Happy Earth Day.  I hope everyone at least got a chance to be outside today and enjoy this beautiful planet God gave us.  Our big Earth Day project was planting a container garden for the porch.  We planted Roma and Cherry tomatoes as well as Rosemary, Basil, Thyme and Parsley.  I love doing companion planting with tomatoes and herbs because the herbs can really enhance the flavor of the tomatoes.  Plus, the herbs keep many harmful pests away from the tomato plants, reducing my need for pesticides.  Not to mention, I will now have tomatoes and herbs right out my front door.  I won’t even have to put on shoes to get what I need.

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Container gardening is actually a great way to garden organically.  By using potting soil instead of ground soil, you are greatly reducing the risk of fungus, bacteria, insects and other pests that can lurk in the soil and harm the plants.  It is also easier to relocate them if necessary.  I decided to try containers on the porch this year to prevent my plants from being eaten by raccoon and deer.  Then again, raccoon are pretty bold, so we’ll see if it works.

Another reason why I liked doing a small container garden this year is because it would be easier to get Henry involved.  He was so excited about using his little shovel (trowel) to help mommy fill the boxes and bury the plants.  Of course, he was very happy to have an excuse to play in dirt.  He was great at breaking up the big clumps of potting soil.  The only real challenge I ran into was working with the large plants while trying to keep him from damaging them.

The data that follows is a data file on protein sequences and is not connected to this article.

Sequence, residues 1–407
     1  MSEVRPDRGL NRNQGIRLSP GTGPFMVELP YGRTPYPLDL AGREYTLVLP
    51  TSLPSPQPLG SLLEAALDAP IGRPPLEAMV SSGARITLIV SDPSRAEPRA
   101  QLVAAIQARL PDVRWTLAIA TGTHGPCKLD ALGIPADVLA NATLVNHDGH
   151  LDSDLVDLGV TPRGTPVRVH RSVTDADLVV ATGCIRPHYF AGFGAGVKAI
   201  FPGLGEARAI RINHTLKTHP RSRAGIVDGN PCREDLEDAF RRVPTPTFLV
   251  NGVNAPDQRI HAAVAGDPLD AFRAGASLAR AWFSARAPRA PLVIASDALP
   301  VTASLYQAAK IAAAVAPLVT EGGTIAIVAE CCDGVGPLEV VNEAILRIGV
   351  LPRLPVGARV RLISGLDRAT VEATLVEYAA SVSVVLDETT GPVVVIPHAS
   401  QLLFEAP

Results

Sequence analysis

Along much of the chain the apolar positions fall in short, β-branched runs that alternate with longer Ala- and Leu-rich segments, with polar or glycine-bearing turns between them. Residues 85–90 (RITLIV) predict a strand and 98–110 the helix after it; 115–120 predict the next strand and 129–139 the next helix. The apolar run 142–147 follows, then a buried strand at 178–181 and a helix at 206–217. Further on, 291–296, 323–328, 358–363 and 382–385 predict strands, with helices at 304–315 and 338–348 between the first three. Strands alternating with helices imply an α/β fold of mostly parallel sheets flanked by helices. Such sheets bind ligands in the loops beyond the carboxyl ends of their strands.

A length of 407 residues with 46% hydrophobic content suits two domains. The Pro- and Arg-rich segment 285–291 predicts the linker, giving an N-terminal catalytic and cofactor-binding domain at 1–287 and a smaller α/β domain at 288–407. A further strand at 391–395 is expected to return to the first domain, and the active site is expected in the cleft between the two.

I realize that most of the country is just planting seedlings right now, but here in Florida our Spring growing season has to be pretty much done by the end of June.  By then, it is too hot for the tomato plants and they end up getting scorched by the sun.  Since I didn’t start my seedlings in February like I should have, I elected to buy mature plants from Walmart.  It’s really not the most economical solution and I don’t recommend it if you can help it.  Walmart does not do a very good job of training and pruning their tomato plants.  As a result, the Cherry tomato plants both had a lot of breakage and required heavy pruning.  The Roma tomatoes weren’t as bad, but they’re not as big either.

As you can see, I don’t use cages for my tomatoes.  In my experience, it’s better to have a single trunk tied to a stake.  By pruning the suckers off of the plant, you end up creating a healthier plant with better fruit.  Suckers are the branches that will grow where leaves connect to the trunk.  If left unattended, they will form their own trunks with foliage and fruit.  This can come in handy if the trunk of the plant becomes damaged or broken; however, they will otherwise suck energy from the plant and weight it down causing poor quality fruit and breakage.  Suckers can pop up at any time, so check your tomato plants every day and prune suckers as you find them.  They can easily be pruned with your fingernail if caught early, but they will require scissors or pruning sheers as they get larger.

I just want to leave you with one more tidbit of information about container gardening.  The containers will dry out more quickly than in-ground gardens, so check the soil daily.  Stick your finger into the soil to your first knuckle.  If the soil feels dry, it needs water.  If it’s still moist, don’t water.  Over-watering will quickly cause fungus growth in container gardens and kill your plants.  Also, the fertilizer will be washed out of the containers more quickly because of the extra watering, so fertilize at least monthly.  If you’d like some more information, Texas A&M has put together a great guide for Vegetable Gardening in Containers.

Happy Earth Day!

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